Steve Bannon Returns With New Film
LULU GARCIA-NAVARRO, HOST:
Steve Bannon has been mostly out of the picture since being fired by President Trump more than a year ago. But now he's back, and he has a new film.
(SOUNDBITE OF FILM, "TRUMP @ WAR")
PETE HEGSETH: The left wants to undo our country. They want to take away the freedoms we have.
PRESIDENT DONALD J. TRUMP: We have created 2.4 million new jobs.
HEGSETH: 2018 is a referendum as to whether or not a duly elected president is allowed to do his job.
SEBASTIAN GORKA: The president is unstoppable, but he's only one man.
TRUMP: You know, this is tough stuff. We're fighting a war.
GARCIA-NAVARRO: The film is called "Trump @ War." Jeremy Peters is a reporter for The New York Times who's covered Bannon for a while now. And he joins us while he's on the road. Welcome to the program.
JEREMY PETERS: Thank you for having me.
GARCIA-NAVARRO: So I have not seen "Trump @ War." I like the scoring there. It sounds like something out of "The Omen." You have, and it sounds dramatic.
PETERS: It is. I know - that music makes it sound like it's a Bruckheimer movie or something. But I think what Steve Bannon always understood well and part of the reason that he and Trump always saw eye to eye is they shared this belief that Trumpism (ph) and the people who subscribe to Trump's beliefs and the direction he wanted to take the country in were always going to be under siege. Now, I think a lot of that is exaggerated, but in the case of this midterm election - in this context, it certainly isn't because if the Democrats take the House, one thing that Steve Bannon is right about is Trumpism as we know it is under threat.
GARCIA-NAVARRO: Is this not just a propaganda film? I mean, even in the clip we just heard, there's an untruth about job creation under Trump.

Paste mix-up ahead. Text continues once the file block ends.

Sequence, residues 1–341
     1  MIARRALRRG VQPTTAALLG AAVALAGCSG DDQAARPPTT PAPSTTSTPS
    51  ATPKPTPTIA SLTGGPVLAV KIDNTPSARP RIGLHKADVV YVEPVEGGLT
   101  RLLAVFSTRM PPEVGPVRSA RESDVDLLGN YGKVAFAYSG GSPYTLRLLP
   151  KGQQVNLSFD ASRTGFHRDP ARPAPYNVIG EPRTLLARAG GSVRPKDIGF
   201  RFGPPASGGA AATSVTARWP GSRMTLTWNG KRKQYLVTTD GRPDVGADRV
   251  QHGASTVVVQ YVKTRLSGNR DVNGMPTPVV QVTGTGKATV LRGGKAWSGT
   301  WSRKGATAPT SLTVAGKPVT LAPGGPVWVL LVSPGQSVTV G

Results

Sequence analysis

PETERS: Steve Bannon is one of the more astute followers of propaganda that I think we've seen in modern American politics. And even he would not dispute the notion that this is a pure propaganda film.
GARCIA-NAVARRO: And Bannon has had a lot of success with these kinds of things. He had a film that he produced before the 2016 election called "Clinton Cash," and it propelled a narrative that made it into the mainstream media and is credited with helping Trump into the White House. And he's made, you know, other conservative documentaries, for lack of a better word. Is this one any different than those?
PETERS: I think the stakes are higher with this one. And certainly, this one will get if not more attention, as much attention as the ones did during the campaign. I mean, these were always films that were meant for a relatively small audience. As Bannon likes to say, the purpose of this project is to, quote, "jack up the deplorables," meaning that these people who love President Trump but who feel like they are looked down on by the liberals, by the media elites, as they like to say. This is really aimed at igniting their passions and driving them to the polls. Now, whether or not that ends up happening I think is a totally open question.
GARCIA-NAVARRO: How does this fit into the broader Republican strategy? Is the Republican establishment happy to see him and have his help?
PETERS: (Laughter) No, not at all. I think there was a sense of relief when Bannon was forced out of the White House and then left Breitbart under pressure that he wasn't going to be meddling in American politics anymore. His emergence back on the scene is not something that is at all a welcome sight to people like Mitch McConnell and the House Republican leadership because they think that he is going to alienate the very types of independent-minded, suburban voters, especially women, that this election may very well hinge on.
GARCIA-NAVARRO: Jeremy Peters is a reporter for The New York Times, and he covers Steve Bannon, among other things. Thank you so much.
PETERS: Thank you.
(SOUNDBITE OF MUSIC) Transcript provided by NPR, Copyright NPR.